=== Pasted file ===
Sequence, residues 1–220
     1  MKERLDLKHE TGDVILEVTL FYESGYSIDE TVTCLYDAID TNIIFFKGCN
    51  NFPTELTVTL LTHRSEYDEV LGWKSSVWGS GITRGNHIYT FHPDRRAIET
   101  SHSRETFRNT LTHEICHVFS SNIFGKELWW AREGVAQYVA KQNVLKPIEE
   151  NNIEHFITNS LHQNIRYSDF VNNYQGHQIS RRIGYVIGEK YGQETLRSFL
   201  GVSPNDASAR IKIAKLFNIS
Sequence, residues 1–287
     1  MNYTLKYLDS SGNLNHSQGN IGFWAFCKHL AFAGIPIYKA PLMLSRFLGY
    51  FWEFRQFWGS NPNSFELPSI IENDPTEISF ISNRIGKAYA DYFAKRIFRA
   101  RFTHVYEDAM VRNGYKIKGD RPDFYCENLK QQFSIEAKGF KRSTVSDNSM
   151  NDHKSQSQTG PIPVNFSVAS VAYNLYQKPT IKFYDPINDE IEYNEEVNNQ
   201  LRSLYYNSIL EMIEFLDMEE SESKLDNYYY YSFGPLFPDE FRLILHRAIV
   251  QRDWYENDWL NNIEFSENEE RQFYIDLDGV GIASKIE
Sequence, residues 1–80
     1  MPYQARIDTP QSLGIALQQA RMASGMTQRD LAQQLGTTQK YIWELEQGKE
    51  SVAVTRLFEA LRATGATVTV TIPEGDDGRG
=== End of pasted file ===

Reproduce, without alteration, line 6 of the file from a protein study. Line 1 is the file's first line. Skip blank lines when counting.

   201  GVSPNDASAR IKIAKLFNIS